Going to Dominico Field at Christie Pits is, in a way, like stepping back in time.
When I arrived, I almost didn’t see it. I’ve been to Coates Stadium in Barrie many times, so I’m familiar with the Intercounty Baseball League. I even covered the Barrie Baycats for a year for a local newspaper. I’ve seen the baseball version of the Toronto Maple Leafs before, but prior to just over a week ago, I’d never seen their home park.
When you talk about a ballpark, it could mean many things. In Major League Baseball, when someone refers to a ballpark, they’re generally referring to a stadium. Of course, Dominico Field is no stadium. Neither is Coates Stadium, really. The ballpark in Barrie is set up like a stadium, and it’s technically big enough to be called one, but no one will mistake it for Rogers Centre. It fits around 1,500 people, according to a Wikipedia estimate — but there’s no assigned seating, and plenty of space down each of the outfield lines. Dominico, at a glance, seems like it seats just a few.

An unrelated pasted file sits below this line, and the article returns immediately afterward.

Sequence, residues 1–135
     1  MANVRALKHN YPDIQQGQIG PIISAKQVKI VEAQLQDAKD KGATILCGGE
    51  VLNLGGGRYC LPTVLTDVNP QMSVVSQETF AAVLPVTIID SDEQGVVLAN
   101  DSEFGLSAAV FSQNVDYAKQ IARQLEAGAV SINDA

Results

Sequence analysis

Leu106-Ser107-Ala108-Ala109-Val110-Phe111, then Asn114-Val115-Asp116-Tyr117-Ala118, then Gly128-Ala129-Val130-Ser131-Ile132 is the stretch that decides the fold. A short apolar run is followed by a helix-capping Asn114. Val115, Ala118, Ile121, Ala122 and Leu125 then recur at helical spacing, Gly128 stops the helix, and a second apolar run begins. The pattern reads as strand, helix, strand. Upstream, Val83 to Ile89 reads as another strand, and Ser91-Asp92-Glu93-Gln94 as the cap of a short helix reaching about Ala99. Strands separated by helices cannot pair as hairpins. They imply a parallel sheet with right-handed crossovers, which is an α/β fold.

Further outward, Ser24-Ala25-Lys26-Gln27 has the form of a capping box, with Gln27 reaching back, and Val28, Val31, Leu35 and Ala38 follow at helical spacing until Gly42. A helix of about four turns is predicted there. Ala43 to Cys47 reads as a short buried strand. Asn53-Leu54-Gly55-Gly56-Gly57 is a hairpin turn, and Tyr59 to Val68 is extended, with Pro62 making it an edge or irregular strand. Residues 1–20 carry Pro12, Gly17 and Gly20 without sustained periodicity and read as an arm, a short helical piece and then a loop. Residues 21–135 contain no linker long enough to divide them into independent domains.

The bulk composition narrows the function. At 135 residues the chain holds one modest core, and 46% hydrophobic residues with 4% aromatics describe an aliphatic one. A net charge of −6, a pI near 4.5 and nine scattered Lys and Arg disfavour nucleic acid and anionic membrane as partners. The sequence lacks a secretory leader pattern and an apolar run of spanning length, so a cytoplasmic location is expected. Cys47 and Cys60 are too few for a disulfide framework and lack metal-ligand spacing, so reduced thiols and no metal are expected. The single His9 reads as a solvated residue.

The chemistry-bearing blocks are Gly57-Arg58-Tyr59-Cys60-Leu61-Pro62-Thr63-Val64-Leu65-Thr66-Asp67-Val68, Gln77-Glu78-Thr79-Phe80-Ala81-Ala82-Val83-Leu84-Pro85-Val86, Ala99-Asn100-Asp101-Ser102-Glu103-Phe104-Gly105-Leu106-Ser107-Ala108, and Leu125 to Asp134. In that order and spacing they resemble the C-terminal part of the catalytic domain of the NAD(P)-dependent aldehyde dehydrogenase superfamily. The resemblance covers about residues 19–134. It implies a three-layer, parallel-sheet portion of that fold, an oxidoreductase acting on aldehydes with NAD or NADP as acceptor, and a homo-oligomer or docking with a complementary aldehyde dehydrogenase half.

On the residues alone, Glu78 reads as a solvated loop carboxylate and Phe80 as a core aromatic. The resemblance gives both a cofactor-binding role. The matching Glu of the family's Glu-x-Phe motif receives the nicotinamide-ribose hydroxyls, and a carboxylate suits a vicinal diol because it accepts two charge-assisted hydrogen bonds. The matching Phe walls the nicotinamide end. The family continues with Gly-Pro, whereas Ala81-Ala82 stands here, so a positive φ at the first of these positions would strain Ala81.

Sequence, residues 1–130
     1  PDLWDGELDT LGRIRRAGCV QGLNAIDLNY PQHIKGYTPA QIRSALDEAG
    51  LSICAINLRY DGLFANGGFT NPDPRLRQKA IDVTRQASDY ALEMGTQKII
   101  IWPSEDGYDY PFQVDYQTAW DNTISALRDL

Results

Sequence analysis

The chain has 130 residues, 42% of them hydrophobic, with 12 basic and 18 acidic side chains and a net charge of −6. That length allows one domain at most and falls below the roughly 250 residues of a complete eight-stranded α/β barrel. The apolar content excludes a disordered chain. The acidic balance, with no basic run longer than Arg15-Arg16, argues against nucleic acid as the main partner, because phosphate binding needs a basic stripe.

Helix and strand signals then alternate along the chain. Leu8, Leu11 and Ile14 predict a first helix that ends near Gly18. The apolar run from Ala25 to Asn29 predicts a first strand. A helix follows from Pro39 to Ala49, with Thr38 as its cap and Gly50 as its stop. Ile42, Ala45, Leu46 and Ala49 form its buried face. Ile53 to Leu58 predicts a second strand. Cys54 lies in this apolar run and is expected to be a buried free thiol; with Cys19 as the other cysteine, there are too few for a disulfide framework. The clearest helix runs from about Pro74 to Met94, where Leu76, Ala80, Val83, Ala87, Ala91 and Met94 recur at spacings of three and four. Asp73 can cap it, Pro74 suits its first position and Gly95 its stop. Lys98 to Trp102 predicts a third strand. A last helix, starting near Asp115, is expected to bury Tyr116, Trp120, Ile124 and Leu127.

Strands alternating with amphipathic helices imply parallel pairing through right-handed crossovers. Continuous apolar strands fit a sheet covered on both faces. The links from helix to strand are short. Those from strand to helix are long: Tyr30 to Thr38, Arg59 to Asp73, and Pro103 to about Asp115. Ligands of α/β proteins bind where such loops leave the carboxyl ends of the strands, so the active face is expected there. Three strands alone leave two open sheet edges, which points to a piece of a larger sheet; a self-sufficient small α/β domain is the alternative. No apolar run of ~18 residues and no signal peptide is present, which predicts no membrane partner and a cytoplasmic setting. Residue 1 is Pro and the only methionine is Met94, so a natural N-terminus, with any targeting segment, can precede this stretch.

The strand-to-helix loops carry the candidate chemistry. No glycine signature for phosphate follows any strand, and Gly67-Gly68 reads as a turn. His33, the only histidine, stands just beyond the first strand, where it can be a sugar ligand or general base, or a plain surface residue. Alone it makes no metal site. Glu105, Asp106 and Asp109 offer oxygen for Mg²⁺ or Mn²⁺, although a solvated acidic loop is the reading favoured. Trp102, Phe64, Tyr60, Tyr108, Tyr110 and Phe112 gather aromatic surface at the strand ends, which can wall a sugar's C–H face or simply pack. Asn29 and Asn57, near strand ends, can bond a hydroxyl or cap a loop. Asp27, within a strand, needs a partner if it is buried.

Coates may be considered by some to be a stadium, but no one will ever call Dominico Field one. Not even as a passing comment. It’s a diamond, in the middle of a park. There’s a satisfying simplicity to that. I remember the singing of Happy Birthday from a nearby picnic table as I was walking down the pathways that trail their way through Christie Pits. When I stumbled upon the ballpark, I noticed an instantly unique picture. It’s like a concept park from a painting.
Upon your first arrival, if your experience is anything like mine, you’ll immediately wish you had brought a picnic-style towel or blanket.
There’s only one line of seats.
They are, in typical city park fashion, hard metal, and they curve from dugout to dugout.
There’s a nice height to them, and you’ll be close to the action, but there’s one big problem that I suspect will bother many that decide to sit here at the beginning of the game.